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Double the Promise: Fetal Surgery for Twin-to-Twin Transfusion Syndrome


“I had an overwhelmingly good feeling about the doctors. I knew it would be okay. I also had faith that whatever happened, I would accept it,” said Corriere.


Upon arrival at Hasbro Children’s Hospital, the diagnosis of advanced twin-to-twin transfusion syndrome was confirmed. Fetal surgery was recommended. The results of laser fetal surgery appear to be better than those of any other techniques. Survival of at least one twin is between 70 and 80 percent, and survival of both twins is between 30 and 40 percent. Also, the complication rate appears to be much lower. Corriere’s fetal surgery was scheduled for that very evening.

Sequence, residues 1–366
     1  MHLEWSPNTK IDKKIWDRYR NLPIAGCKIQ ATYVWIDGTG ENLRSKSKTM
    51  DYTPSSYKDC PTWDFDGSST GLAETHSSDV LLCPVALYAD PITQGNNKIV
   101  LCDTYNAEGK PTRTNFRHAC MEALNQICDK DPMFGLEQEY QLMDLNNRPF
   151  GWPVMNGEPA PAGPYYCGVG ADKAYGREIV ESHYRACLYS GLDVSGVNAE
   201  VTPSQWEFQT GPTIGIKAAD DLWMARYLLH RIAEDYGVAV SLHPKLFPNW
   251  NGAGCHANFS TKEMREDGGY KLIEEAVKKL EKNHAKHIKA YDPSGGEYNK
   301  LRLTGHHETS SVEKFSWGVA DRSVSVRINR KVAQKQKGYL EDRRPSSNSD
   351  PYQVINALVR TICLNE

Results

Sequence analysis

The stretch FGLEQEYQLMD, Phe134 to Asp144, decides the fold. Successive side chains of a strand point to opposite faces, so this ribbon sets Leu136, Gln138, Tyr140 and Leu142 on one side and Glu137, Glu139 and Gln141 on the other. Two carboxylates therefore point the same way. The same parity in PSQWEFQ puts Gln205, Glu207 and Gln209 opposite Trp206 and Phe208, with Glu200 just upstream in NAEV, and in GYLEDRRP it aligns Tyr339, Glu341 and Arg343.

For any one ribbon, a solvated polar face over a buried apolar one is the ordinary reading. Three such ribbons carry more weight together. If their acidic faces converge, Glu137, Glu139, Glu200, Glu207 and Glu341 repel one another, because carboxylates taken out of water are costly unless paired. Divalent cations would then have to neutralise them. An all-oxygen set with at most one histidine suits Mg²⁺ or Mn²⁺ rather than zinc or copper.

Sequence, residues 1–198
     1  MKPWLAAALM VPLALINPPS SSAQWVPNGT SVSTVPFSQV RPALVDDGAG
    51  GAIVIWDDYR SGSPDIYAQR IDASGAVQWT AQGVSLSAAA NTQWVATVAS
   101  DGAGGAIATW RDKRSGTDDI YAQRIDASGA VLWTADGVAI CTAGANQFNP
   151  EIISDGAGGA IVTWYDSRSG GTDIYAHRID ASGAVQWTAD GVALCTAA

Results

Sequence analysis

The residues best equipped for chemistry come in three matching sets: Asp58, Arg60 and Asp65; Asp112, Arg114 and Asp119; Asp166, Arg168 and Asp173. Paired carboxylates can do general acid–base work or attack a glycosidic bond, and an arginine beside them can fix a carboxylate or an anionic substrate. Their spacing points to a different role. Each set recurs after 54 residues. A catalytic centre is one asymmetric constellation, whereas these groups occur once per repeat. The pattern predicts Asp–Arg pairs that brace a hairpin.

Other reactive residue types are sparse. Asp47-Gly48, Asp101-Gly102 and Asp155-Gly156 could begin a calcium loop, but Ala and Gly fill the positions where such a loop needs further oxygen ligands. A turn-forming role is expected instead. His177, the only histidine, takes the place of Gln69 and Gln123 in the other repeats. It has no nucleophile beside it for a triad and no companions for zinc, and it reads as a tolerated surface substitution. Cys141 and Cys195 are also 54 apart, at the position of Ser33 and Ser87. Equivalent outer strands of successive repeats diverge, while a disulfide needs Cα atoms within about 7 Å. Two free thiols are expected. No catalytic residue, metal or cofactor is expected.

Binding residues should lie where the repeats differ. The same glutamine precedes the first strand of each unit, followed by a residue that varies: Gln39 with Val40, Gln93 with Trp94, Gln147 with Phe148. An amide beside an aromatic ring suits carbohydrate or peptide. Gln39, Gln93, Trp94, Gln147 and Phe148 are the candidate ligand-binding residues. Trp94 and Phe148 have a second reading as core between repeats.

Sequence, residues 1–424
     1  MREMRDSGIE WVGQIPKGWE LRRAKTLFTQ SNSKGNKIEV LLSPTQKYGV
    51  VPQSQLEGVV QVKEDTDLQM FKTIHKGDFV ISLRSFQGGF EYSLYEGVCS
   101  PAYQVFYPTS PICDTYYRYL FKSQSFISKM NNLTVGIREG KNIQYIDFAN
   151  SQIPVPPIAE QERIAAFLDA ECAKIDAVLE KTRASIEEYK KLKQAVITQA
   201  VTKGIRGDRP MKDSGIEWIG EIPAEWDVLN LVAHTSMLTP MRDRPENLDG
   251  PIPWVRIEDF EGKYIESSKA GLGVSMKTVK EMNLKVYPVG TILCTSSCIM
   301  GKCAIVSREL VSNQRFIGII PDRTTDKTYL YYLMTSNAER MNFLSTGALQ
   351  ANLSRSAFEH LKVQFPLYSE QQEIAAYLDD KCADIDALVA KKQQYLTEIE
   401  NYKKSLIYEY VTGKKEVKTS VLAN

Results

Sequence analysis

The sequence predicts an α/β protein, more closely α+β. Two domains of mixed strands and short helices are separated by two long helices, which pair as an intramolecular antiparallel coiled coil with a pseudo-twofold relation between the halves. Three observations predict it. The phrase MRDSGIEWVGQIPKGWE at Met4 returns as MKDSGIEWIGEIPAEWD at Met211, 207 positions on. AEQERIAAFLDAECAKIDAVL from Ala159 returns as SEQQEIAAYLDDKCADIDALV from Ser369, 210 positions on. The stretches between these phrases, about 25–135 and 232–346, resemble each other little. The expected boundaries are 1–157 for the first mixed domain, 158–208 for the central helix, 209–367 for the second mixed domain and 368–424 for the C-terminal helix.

Corriere says, “I had an overwhelmingly good feeling about the doctors. I knew it would be okay. I also had faith that whatever happened, I would accept it.”

Francois Luks, MD, of Hasbro Children’s Hospital, was the lead physician on the team of clinicians who conducted the surgery. The surgery, laser coagulation of the communicating placental vessels, uses a laser to block the vessels that connect the twins. Originally described in 1995 by Julian DeLia, MD, this form of fetal surgery is performed in only a handful of centers worldwide.

The cutting-edge fetal laser surgery procedure at Hasbro Children’s Hospital enabled Corriere to beat the odds. She gave birth to two beautiful baby girls on July 27, 2005. Although one was born with a heart complication, both twins are doing tremendously well.

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